When the pandemic forced organizations to shift their workforce to a work from home (WFH) model, many companies turned to using two-factor authentication (2FA) to strengthen their security posture. The 2FA many of the companies put in place was a one-time password (OTP) sent via SMS to the user. It made sense to utilize this form of 2FA because it can be deployed quickly, and nothing needs to be installed on the user’s phone. But this type of 2FA is risky.

SecureAuth offers 30 MFA options, from lightweight methods such as SMS or Link-to-Accept to FIDO2 WebAuthn and digital certificates

OTP via SMS inherently harbors some risk – the SMS message can by intercepted by hackers and thus provide them with the passcode they need to compromise an account. NIST (National Institute of Standards and Technology) has recommend that SMS be removed as a two-factor authentication method noting while 2FA with SMS is more secure than just a password by itself, it’s still not good enough. And because of the risks, NIST is discouraging the use of SMS as an ‘out of band authenticator’ — a method for delivering a one-time passcode for multi-factor authentication.

Cyber-criminals gain access to an SMS message in a couple of ways:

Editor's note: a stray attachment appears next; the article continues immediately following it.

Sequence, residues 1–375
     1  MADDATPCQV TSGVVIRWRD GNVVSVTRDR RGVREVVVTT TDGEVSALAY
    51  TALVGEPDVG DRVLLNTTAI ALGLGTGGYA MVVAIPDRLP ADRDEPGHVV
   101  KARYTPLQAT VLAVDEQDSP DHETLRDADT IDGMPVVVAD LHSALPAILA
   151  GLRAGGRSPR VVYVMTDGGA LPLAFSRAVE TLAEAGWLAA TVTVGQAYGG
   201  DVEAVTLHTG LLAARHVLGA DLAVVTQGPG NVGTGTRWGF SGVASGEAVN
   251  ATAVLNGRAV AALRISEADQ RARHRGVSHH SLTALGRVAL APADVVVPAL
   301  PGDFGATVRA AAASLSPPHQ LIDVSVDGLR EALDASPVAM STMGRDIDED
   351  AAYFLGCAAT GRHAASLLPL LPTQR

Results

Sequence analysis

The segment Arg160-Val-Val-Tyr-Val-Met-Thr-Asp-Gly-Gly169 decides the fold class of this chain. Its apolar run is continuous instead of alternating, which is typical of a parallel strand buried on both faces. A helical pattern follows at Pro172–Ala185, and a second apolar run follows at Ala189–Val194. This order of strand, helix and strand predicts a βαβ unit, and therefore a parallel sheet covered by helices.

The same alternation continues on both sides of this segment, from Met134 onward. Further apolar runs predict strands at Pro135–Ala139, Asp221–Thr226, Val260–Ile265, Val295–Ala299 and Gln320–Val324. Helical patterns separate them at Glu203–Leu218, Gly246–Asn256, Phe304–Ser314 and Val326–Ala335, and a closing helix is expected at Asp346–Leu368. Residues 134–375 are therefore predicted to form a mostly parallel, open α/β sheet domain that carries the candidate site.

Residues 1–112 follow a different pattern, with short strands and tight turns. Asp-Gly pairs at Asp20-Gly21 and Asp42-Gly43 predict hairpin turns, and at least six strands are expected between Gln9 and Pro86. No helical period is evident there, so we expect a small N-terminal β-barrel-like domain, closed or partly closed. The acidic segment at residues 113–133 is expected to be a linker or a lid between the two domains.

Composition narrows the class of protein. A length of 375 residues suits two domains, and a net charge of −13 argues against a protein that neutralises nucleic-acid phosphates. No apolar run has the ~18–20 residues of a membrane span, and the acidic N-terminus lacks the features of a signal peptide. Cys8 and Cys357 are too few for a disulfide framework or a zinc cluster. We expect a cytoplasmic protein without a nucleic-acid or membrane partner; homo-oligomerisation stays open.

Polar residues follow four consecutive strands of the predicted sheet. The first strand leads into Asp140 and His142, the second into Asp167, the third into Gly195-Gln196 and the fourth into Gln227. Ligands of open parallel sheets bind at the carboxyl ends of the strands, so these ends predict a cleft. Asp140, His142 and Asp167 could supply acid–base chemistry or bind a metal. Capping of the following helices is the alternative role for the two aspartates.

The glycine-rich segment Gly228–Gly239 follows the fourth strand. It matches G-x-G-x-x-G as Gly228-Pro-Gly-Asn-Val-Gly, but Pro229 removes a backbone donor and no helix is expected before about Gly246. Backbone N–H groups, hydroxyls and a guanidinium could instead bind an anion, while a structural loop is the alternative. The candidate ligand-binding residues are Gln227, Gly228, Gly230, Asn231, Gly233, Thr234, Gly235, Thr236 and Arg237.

1. Endpoint compromise: A malicious app is placed on the user’s endpoint device (smart phone) by the bad actor and the app is able to read an out-of-band secret sent via SMS. The bad actor then uses the compromised secret passcode to authenticate and get access.
  2. Social engineering: An out of band secret sent via SMS is received by an attacker who has convinced the mobile operator to redirect the victim’s mobile phone number to the attacker. The bad actor again uses the compromised passcode to authenticate and gain access.

In each of these instances, the security in place does not provide enough visibility to truly verify the identity of the individual utilizing the passcode and requesting access to resources. Passwordless authentication overcomes the visibility issue by leveraging advances in identity security technology to validate and verify users requesting access to resources.

Getting Started with Passwordless Authentication

Passwordless authentication is not new. The use of biometrics for authentication purposes has been in place and available for many years. And many organizations in recent years have designed policies and workflows leveraging Adaptive Authentication (contextual risk checks) along with discreet multi-factor authentication methods to achieve passwordless access for various use cases.

The emergence of promising technologies such as biometrics-based FIDO2 WebAuthn is enabling organizations to accelerate their move away from passwords to improve security as well as the user experience (UX).

The factors contributing to the development of passwordless authentication technologies include: